Shares of the e-commerce giant rose 1.9 percent to a high of $2,050.50 in morning trading. The stock needed a price of $2,050.27 to reach the $1 trillion mark, based on an outstanding count of 487,741,189 shares in the company's most recent quarterly report in July.
By Tuesday's close, the stock had fallen to $2,039.51 and a market value of roughly $995 billion.
Analysts cite the company's ever-diversifying portfolio as a value driver. Last year, Amazon launched into the grocery industry with its purchase of Whole Foods Markets. It is rounding out its hardware and logistics segments with last-mile deliveries, and it's pushing forward in advertising to challenge Facebook and Google.
"They have given investors confidence that they can go and disrupt markets just like they've done with retail," Loup Ventures' Gene Munster told CNBC's "Squawk Alley" after the milestone stock move.
Amazon has posted particularly impressive growth in Amazon Web Services. The business segment grew nearly 50 percent in the second quarter.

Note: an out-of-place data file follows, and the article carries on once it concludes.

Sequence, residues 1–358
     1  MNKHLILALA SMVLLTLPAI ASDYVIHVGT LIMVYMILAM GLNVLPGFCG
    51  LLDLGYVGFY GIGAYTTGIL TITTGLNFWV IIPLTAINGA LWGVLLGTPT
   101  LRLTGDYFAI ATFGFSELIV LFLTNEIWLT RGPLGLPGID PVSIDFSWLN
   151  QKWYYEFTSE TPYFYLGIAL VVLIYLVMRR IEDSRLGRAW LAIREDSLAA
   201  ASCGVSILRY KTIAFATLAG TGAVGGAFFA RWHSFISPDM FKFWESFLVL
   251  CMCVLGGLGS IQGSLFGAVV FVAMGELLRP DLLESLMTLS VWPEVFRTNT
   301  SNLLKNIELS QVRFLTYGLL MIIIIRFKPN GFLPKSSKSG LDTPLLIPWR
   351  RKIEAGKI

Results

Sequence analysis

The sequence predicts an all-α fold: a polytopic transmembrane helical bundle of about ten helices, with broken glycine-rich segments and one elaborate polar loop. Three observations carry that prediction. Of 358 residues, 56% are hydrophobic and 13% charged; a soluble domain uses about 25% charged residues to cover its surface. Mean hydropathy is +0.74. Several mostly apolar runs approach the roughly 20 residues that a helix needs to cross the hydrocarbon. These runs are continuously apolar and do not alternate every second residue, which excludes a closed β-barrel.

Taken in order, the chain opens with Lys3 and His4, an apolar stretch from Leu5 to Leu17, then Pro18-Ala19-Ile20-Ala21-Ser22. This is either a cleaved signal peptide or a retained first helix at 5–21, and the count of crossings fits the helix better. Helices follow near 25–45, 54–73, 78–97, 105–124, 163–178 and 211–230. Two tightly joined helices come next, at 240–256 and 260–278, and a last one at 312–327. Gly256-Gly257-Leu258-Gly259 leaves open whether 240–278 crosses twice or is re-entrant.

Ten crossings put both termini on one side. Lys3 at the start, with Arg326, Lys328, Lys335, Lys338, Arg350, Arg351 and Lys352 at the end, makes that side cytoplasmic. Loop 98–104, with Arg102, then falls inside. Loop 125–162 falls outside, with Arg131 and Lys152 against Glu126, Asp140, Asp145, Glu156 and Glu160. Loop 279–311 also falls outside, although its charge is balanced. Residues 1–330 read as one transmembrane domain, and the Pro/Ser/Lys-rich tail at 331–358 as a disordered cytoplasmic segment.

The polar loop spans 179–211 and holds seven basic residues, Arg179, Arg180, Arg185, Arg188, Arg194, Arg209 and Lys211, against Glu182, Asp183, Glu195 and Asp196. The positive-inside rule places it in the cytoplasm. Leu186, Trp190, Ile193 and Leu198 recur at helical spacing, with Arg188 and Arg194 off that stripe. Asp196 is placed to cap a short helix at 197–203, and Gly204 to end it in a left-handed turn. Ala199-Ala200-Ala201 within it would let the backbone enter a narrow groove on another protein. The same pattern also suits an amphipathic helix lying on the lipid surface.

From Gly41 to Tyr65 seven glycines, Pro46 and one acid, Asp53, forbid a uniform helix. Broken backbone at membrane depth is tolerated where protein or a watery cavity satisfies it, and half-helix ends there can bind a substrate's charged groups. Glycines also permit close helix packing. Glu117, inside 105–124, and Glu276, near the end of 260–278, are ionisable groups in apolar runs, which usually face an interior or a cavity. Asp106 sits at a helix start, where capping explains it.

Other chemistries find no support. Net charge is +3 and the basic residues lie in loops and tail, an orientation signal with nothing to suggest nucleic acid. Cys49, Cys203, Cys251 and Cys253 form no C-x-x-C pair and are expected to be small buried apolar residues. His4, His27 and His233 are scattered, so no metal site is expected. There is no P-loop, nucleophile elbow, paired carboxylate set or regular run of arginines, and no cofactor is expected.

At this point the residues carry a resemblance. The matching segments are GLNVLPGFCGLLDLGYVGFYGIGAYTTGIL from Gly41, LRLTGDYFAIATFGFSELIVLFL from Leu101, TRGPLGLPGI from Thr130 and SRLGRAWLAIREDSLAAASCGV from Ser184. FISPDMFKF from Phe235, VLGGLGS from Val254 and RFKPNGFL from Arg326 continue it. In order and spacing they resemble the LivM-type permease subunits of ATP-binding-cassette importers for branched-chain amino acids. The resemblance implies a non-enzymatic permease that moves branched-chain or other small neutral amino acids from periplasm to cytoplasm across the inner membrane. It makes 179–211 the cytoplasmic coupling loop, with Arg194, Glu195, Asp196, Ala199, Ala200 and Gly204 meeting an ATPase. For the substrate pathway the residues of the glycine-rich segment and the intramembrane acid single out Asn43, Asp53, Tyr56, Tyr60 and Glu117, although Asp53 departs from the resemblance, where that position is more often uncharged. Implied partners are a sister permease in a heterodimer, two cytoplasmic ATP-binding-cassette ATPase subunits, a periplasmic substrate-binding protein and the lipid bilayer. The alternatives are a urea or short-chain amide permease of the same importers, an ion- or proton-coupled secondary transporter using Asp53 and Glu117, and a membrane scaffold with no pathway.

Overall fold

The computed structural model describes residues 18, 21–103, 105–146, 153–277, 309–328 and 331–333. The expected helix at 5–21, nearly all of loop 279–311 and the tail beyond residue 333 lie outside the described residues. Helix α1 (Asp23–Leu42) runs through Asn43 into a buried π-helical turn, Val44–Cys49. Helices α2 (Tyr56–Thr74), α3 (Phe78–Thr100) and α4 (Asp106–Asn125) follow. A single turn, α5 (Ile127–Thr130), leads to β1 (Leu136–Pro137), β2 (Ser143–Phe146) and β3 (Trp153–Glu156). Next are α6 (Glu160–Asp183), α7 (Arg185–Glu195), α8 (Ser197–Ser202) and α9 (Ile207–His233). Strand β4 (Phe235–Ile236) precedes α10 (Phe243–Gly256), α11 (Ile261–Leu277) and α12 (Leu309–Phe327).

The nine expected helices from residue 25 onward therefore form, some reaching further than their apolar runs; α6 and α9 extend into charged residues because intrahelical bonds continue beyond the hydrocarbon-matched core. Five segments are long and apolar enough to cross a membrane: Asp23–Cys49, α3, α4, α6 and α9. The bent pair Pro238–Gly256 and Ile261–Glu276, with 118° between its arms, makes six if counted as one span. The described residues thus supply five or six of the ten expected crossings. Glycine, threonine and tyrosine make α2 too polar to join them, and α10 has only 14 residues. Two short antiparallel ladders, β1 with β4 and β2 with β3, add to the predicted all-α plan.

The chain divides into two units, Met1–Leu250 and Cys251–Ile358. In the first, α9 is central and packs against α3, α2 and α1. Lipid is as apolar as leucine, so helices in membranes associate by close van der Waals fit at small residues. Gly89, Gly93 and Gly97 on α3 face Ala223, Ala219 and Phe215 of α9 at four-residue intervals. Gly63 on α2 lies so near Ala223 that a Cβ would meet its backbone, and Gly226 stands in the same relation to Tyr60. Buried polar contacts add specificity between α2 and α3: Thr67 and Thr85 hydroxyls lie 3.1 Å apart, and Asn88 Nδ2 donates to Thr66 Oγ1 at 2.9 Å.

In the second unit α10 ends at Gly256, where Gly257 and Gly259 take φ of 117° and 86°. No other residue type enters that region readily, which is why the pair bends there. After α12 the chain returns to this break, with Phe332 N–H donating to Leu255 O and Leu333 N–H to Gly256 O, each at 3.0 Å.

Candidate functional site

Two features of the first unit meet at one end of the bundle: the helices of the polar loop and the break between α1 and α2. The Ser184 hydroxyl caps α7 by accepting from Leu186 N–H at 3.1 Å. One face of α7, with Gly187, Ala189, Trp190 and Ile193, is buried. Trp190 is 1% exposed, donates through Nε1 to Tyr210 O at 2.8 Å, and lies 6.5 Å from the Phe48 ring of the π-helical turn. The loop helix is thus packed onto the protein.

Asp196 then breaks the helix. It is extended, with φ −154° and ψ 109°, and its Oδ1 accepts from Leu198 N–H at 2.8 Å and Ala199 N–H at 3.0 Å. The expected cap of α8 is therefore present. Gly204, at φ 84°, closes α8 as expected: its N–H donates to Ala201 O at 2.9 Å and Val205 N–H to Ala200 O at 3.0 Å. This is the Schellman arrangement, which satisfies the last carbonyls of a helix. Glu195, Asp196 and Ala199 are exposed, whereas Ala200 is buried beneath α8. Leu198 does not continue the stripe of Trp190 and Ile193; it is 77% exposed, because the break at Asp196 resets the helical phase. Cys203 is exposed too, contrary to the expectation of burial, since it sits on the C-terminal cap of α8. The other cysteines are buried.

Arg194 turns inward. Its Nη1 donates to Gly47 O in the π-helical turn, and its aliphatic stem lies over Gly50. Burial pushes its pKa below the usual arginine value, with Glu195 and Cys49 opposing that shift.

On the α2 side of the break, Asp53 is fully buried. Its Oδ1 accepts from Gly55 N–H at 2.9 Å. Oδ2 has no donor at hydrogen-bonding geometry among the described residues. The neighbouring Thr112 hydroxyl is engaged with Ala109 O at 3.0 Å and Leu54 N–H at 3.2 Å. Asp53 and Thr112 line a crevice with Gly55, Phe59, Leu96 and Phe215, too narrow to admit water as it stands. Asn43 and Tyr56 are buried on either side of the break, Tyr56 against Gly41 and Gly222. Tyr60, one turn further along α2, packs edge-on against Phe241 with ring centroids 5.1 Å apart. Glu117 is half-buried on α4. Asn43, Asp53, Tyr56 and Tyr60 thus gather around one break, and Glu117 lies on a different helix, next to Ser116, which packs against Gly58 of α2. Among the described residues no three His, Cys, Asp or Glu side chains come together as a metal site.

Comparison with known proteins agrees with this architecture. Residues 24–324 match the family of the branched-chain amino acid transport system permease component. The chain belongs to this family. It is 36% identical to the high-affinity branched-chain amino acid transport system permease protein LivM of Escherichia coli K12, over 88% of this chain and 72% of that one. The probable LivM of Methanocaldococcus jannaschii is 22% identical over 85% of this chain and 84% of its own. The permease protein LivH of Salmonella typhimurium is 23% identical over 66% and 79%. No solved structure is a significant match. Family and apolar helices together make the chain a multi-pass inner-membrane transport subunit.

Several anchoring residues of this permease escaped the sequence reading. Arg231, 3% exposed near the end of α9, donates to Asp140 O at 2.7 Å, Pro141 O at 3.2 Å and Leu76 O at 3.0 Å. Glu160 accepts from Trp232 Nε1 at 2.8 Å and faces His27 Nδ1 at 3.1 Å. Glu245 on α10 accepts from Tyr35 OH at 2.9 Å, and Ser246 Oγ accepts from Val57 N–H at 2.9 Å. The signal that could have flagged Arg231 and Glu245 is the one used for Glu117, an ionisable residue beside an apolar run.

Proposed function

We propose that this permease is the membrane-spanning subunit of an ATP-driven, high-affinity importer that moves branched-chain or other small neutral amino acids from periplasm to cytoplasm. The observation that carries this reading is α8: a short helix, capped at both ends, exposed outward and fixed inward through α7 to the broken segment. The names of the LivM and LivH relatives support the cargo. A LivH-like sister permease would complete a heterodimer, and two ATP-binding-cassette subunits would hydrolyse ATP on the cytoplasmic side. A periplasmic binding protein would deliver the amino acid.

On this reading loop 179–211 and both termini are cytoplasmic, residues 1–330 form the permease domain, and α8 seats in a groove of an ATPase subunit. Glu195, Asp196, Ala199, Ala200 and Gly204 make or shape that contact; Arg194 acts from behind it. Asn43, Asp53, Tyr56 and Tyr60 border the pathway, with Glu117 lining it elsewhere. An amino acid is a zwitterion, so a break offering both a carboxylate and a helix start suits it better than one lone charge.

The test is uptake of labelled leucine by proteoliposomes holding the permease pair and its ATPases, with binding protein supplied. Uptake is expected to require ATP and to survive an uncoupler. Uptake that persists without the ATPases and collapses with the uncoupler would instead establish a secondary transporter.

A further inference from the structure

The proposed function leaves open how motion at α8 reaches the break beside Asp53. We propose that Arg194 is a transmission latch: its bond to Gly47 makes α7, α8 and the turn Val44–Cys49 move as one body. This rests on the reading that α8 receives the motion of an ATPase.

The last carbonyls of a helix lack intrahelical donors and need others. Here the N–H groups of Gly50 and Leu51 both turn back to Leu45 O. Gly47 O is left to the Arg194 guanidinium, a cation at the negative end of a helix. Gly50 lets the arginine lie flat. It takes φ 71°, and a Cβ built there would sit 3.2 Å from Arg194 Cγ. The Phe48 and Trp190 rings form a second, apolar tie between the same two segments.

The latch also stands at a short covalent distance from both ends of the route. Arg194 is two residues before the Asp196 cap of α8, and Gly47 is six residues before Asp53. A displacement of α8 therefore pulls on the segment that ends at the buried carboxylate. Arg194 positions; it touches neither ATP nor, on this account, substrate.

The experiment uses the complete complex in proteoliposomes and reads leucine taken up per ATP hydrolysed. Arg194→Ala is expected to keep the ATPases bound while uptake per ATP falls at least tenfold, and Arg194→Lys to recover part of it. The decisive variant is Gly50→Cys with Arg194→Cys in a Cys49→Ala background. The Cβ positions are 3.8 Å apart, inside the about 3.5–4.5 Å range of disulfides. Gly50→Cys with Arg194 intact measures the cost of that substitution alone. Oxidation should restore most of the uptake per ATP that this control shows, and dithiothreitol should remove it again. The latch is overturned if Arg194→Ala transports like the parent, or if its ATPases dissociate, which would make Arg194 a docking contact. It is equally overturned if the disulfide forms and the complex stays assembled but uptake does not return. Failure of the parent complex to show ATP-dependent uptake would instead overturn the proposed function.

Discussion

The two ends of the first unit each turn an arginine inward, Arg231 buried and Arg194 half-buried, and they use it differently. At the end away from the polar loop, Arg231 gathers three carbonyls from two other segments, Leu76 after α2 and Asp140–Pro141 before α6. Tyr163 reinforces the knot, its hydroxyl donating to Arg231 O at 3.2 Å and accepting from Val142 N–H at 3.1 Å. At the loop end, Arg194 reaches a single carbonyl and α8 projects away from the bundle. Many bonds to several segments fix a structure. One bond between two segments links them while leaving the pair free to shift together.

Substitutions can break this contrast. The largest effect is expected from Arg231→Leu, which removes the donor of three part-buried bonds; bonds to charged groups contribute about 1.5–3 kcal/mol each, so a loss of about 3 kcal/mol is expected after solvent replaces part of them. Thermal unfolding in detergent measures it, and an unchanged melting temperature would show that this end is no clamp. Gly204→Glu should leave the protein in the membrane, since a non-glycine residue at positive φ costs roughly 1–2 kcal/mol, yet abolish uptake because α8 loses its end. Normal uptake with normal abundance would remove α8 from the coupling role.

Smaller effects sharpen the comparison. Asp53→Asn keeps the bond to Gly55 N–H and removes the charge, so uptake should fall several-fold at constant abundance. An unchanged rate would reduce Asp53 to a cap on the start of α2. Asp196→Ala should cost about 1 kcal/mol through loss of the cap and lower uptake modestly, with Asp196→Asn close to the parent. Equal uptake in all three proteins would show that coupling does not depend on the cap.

"Yes, Amazon did really well in online retail, but then the stock gapped up when they showed that they could become successful in cloud," RBC Capital Markets analyst Mark Mahaney told CNBC. "It's almost like the ticker changed from AMZN to AWS."
Amazon crossed the mark five weeks after Apple reached $1 trillion in early August after posting a strong quarterly report.
Despite falling from session highs, Amazon posted its seventh straight day of gains. At its peak Tuesday, the stock had picked up $72 billion in market value in the last seven days of trading. That increase is larger than the market value of more than 80 percent of S&P 500 constituents, and is roughly the size of Starbucks.
Amazon stock has gained more than 70 percent in 2018 and has more than doubled in the last 12 months. That dwarfs gains by the overall market, with the S&P 500 index gaining 8 percent this year and 17 percent in the last 12 months.